The National Telecommunications and Information Administration (NTIA) has begun an investigation into competition concerning mobile app ecosystems, which includes Apple’s iOS.
iOS Sideloading and Other Investigations
The NTIA is currently requesting comments in regards to competition in mobile app ecosystems. Comment requests are made on behalf of the United States Department of Commerce. The start of the investigation began through an executive order on Promoting Competition in the American Economy from July of last year. The aim being to make recommendations for improving competition, reducing barriers to entry and maximizing user benefit.
The formal request for comment contains details regarding how iOS is more than likely to face scrutiny as part of the investigation. Questions related to the benefits of developing standalone apps for a platform compared to cross-platform web apps, how web apps should operate on mobile platforms, the availability of other methods of app distribution and app sideloading all involve Apple.
Additionally, iOS’s “unique barriers” are receiving particular attention. This is especially in regards to the prevention of users and developers being able to take advantage of web apps, apps from alternate app stores, as well as sideloaded apps.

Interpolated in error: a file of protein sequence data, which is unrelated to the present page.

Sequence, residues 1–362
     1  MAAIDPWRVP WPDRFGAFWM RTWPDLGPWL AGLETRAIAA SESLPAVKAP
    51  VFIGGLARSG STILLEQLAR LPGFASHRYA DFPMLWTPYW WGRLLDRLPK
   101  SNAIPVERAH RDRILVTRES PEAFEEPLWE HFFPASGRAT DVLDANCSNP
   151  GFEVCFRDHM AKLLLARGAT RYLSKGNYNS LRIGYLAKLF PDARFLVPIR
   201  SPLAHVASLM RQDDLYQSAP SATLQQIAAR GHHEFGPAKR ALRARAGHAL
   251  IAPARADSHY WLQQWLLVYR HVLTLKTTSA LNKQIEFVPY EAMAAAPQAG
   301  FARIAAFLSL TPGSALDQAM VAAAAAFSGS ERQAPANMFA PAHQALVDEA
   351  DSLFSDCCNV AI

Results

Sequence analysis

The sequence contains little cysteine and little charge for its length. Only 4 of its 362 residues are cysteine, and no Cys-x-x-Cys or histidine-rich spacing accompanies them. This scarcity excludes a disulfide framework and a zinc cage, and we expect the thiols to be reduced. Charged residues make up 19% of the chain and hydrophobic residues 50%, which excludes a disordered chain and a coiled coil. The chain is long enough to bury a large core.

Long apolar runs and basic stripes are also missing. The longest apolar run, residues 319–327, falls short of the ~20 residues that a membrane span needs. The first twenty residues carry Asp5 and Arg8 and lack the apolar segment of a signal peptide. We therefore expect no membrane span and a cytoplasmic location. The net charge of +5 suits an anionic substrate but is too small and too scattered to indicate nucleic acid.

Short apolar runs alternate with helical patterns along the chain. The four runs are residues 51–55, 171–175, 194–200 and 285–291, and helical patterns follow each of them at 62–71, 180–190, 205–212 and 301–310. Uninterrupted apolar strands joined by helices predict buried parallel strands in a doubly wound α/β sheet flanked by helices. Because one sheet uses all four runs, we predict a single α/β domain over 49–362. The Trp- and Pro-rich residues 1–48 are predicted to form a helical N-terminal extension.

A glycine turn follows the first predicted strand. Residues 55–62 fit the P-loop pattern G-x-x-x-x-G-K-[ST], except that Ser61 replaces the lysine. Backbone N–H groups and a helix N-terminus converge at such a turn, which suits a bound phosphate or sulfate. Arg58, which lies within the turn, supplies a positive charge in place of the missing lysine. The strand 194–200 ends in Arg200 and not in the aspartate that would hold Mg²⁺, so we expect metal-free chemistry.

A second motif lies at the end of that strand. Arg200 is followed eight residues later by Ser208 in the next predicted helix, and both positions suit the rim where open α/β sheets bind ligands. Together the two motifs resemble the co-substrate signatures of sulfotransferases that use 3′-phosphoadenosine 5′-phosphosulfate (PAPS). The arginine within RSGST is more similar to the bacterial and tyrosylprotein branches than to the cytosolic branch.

The request for comment explains that the app economy is a major way that Americans are able to interact with their environment. They argue that it is “critical” for the market to be robust, open, innovative and secure. There should be no barriers to entry and growth.
Right now, the Federal Register is open to comments from the public concerning competition in mobile app ecosystems. Information gathered from this part of the investigation will be used to inform President Biden’s competition agenda to occur later this year.
Apple’s current ecosystem has seen a variety of criticism across the globe. Governments within the United Kingdom, Japan, South Korea and the EU have all called for regulations regarding app sideloading and interoperability.
On Thursday, reports circulated that Apple is facing accusations from the EU concerning NFC tech. Currently, the EU is claiming that Apple may be breaking the law by not allowing third-party developers to access the entirety of the tech giant’s NFC tech.
This arrives in addition to the EU making complaints that Apple needs to open the iPhone to third-party app stores as well as make iMessage a cross-platform messaging service.